I joined with a million members last year while I was traveling in Asia.  Couchsurfing is a world-wide social and cultural program run mostly by volunteers to foster cultural understanding…much like Hospitality Club (which I also belong to) or Servas.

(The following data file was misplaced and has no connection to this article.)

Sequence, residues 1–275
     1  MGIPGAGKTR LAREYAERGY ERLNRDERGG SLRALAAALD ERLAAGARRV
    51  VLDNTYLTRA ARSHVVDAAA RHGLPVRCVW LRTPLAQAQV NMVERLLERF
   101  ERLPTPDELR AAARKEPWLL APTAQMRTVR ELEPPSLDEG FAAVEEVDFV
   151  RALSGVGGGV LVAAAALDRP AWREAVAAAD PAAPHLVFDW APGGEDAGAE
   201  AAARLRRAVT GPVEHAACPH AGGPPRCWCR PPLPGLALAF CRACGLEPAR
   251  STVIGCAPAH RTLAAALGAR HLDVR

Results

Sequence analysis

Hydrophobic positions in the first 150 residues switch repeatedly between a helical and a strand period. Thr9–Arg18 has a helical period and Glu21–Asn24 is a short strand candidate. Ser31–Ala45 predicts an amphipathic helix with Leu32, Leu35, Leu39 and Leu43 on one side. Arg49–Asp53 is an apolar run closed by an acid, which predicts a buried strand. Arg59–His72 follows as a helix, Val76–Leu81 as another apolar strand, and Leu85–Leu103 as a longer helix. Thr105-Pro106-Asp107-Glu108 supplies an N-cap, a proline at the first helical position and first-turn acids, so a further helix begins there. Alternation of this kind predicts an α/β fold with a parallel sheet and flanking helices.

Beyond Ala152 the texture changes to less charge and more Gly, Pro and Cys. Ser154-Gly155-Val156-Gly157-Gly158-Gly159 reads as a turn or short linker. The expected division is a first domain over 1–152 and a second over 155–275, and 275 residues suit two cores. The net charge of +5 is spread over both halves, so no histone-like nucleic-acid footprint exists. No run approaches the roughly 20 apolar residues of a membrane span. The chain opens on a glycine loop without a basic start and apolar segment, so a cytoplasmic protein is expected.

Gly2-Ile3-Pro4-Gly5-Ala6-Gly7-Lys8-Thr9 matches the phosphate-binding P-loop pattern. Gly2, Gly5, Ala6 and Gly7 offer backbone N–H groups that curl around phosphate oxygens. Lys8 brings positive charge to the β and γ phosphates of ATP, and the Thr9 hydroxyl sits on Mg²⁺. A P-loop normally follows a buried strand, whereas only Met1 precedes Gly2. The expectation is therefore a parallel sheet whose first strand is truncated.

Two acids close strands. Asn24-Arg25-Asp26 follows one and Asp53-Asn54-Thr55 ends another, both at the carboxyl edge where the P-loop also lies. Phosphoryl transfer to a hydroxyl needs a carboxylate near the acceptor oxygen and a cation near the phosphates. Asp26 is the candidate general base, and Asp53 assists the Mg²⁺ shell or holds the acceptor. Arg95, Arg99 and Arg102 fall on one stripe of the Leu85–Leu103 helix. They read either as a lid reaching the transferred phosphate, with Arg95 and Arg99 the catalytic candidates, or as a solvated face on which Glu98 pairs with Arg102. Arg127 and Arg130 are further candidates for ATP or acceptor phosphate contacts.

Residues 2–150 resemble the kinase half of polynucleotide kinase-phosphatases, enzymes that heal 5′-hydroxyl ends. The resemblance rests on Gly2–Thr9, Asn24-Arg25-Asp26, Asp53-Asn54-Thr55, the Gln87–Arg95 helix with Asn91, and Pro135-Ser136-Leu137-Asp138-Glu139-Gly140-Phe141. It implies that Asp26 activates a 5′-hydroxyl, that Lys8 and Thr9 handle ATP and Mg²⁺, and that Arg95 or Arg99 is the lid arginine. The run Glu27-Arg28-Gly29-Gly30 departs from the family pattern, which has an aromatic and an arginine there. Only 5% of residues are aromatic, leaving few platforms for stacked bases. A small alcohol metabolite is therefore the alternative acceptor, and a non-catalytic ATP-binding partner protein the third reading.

For CS you are asked to set up a personal profile with your picture and fill in the answers to questions that explain your interests, personal philosophy of life, experiences with CS, travel experiences etc. You describe your guest facilities and whatever preferences you have such as preferred age groups or male, female or either etc. You are asked to verify your identity by giving a small donation by credit card and then they send a code number to your address which you then return to your profile and fill in. This verifies that you are who you say you are and that you live where you say you live. Then you can do a search for a particular city or country you want to visit and send a message through the secure CS messaging service to request a stay…or even just a request for a coffee or drink. At this time you can give your phone number and/or email address and discuss prospective visits. In addition, there are hundreds of forum discussion groups (I am a member of some of these like “International Politics”) and you end up getting to know and make friends with people there. Often these people will meet for a social evening in whatever city and country they are in and make their “couches” available to others from other cities/countries wanting to attend.